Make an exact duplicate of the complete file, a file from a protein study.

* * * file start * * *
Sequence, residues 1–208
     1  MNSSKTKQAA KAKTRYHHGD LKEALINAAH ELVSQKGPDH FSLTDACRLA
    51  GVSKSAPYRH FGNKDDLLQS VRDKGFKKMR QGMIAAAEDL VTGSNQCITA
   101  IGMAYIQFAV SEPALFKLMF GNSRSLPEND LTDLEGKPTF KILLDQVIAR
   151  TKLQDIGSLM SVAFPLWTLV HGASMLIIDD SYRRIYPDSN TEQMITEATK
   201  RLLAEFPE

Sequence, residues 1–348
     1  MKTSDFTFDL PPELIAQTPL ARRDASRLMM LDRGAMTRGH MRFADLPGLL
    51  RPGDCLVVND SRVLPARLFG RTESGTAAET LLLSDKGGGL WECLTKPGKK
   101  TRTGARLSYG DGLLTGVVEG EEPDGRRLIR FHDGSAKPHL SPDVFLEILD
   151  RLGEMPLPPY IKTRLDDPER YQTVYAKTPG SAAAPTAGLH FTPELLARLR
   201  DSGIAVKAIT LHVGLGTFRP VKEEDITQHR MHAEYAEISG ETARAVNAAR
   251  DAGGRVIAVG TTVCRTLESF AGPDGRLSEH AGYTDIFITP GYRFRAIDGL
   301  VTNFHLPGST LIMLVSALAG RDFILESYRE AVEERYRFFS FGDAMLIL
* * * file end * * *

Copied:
Sequence, residues 1–208
     1  MNSSKTKQAA KAKTRYHHGD LKEALINAAH ELVSQKGPDH FSLTDACRLA
    51  GVSKSAPYRH FGNKDDLLQS VRDKGFKKMR QGMIAAAEDL VTGSNQCITA
   101  IGMAYIQFAV SEPALFKLMF GNSRSLPEND LTDLEGKPTF KILLDQVIAR
   151  TKLQDIGSLM SVAFPLWTLV HGASMLIIDD SYRRIYPDSN TEQMITEATK
   201  RLLAEFPE

Sequence, residues 1–348
     1  MKTSDFTFDL PPELIAQTPL ARRDASRLMM LDRGAMTRGH MRFADLPGLL
    51  RPGDCLVVND SRVLPARLFG RTESGTAAET LLLSDKGGGL WECLTKPGKK
   101  TRTGARLSYG DGLLTGVVEG EEPDGRRLIR FHDGSAKPHL SPDVFLEILD
   151  RLGEMPLPPY IKTRLDDPER YQTVYAKTPG SAAAPTAGLH FTPELLARLR
   201  DSGIAVKAIT LHVGLGTFRP VKEEDITQHR MHAEYAEISG ETARAVNAAR
   251  DAGGRVIAVG TTVCRTLESF AGPDGRLSEH AGYTDIFITP GYRFRAIDGL
   301  VTNFHLPGST LIMLVSALAG RDFILESYRE AVEERYRFFS FGDAMLIL